Why you've been bad about Profiling React Apps

Kent C. Dodds
Kent C. Dodds

When was the last time you tried your app out on the kinds of devices your end users are using? If you haven't, have you at least tried to simulate the kind of performance characteristics of your users on low-end devices?

Or are you working on a product that only users with high-end devices use? You've got metrics to prove that only high-end device users are using your app do you? Hmmm... Have you considered that the reason low-end device users aren't using your app because when they show up to your app they never come back because performance is bad? That might make an impact on your metrics a bit 😅

If you have profiled your app, are you sure you're doing it correctly?

The example

Check this out:

DevTools flamegraph with a few red spots

If you don't recognize where that's coming from, it's a screenshot of the Chrome DevTool's Performance tab.

Here's the interaction that I'm doing that's creating that flamegraph:

A form with the label "Find a city" and the word "salt" is typed into an input with cities being filtered in a combobox below

From that flamegraph, we can see that there are maybe two spots that could use some optimization. But oh, what's that? It says "CPU: No throttling." Remember that our users might not have the high speed devices that we use to create our applications. If we want to make sure our apps work for users with less powerful machines, then we should at least simulate those kinds of machines. So let's change that to throttle our CPU by 6x:

DevTools flamegraph with solid red spots

Yikes!!! Look at those red lines! That's some slow janky stuff there folks. How in the world could users possibly use this app with anything but a souped up beast of a machine! React must be SO SLOW!

No hold on. Take a step back. Take a deep breath. Step away from the window and put your laptop down. It's really important that I tell you something about React performance.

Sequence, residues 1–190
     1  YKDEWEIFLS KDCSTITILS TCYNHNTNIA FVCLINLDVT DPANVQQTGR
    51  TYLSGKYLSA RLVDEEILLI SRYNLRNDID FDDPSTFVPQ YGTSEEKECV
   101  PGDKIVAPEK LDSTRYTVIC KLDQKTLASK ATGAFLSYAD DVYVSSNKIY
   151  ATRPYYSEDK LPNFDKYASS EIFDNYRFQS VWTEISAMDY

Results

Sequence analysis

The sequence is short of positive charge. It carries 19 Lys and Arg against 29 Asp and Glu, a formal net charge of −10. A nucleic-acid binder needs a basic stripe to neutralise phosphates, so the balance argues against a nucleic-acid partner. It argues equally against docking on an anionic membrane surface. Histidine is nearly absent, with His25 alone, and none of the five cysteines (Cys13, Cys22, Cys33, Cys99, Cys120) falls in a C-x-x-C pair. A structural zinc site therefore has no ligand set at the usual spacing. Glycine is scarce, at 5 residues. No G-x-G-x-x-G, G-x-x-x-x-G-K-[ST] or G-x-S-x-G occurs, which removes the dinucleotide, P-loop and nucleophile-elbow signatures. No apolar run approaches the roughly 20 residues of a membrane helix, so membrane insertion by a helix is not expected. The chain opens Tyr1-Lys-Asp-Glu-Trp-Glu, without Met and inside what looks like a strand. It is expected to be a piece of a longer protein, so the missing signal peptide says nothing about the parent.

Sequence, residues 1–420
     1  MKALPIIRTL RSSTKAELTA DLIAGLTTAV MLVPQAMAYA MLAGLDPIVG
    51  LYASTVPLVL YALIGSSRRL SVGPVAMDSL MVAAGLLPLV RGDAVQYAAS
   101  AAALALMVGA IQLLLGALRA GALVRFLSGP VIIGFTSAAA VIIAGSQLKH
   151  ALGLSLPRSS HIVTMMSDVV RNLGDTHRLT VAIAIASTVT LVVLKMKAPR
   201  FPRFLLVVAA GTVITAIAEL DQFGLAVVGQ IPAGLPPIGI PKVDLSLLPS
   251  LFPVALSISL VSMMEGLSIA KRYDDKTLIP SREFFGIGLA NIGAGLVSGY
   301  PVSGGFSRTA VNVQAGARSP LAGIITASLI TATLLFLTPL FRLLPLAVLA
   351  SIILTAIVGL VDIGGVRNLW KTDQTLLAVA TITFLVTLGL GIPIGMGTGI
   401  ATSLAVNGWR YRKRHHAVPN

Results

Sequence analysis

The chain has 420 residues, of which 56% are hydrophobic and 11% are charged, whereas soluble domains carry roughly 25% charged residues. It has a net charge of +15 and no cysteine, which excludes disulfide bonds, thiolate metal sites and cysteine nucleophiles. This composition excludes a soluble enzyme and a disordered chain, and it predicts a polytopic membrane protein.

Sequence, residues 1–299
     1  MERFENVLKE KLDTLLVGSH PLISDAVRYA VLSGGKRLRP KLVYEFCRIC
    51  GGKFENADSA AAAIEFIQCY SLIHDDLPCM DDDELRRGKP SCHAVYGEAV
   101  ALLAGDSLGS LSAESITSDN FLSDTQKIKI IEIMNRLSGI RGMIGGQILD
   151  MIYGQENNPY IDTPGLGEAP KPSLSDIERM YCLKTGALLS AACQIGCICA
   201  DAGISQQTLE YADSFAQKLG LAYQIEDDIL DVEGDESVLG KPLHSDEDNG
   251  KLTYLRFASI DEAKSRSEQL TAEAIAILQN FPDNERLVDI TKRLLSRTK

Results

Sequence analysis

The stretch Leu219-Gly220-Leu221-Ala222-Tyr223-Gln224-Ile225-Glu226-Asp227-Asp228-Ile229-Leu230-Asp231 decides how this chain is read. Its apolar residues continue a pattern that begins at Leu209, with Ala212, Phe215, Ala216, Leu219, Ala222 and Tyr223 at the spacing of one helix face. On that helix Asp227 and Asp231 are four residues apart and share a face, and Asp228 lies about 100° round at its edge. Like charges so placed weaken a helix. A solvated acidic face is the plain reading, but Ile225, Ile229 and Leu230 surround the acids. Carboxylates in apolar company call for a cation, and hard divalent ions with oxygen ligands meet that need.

You know all those helpful warnings that React gives you when you do something wrong? Stuff like:

Element type is invalid: expected a string (for built-in components) or a class/function (for composite components) but got: undefined.

This is one of the things that I loved about React when I started using it. I was so used to things silently failing and having to dig around to figure out what I did wrong.

Turns out, React has to do quite a bit of extra work to make that magic happen. That doesn't come for free. In fact, it's actually pretty impactful. But we don't need these in production, so our end-user should never run that extra code. Luckily, React has been built with this in mind and the process to get rid of this extra code is well documented.

So let's try that:

Flamegraph with only one red line

Phew! That's much better! We have a much better idea of what is actually slow. But oh, let's not forget to throttle things to simulate our lower-end device user's experience:

Flamegraph with a few red lines

Ok, so it looks like we've got a few things to improve for our lower-end device users.

Profile the user's actual experience

If you're not measuring what your user's actual experience is like, then you could spend all your time chasing the optimization of red herring distractions and miss the actual interactions that cause your users grief.

Actually profiling your app's performance is just a first step, properly profiling it is the next. But hold up... I'm just simulating the user's experience on my own device. So I'm only close to the user's experience, but do I really know for sure what it's like for users? And what about regressions? Do you expect me to do that every time I make a code change? No thank you.

This is why production performance monitoring is so important. We should keep track of how things are performing for users. Luckily React also exposes the ability to do this, so we can batch up information about every mount and update of components as the user's using them and we can send that information off to our backend, like this:

A request payload showing component mounts and updates

Then we can store that in a time-series database, and get alerts and graphs based on that. Companies like Facebook enable this for a fraction of their users and they can automatically rollback changes if they result in performance problems.


Buttery-smooth performance is one of the things users expect from our apps and if we don't have that, they lose trust in our app. They may endure the janky experience, or they may abandon it altogether. It's often not the kind of thing user's will complain about, so if you're not testing and monitoring it, then you may never know that you're missing out on making your app available to those users at all. And if you don't do that properly, then you can spend your days optimizing the wrong things and in the wrong ways.

And yes, I've got lots to teach you about in EpicReact.Dev.

P.S. Have you ever tried to pop open the React Profiler tab in production and seen this:

React DevTools with the message: Profiling not supported.

In EpicReact.Dev, I'll show you how to use the Profiler tab in production:

React DevTools Profiler tab with a component graph

Get my free 7-part email course on React!

Delivered straight to your inbox.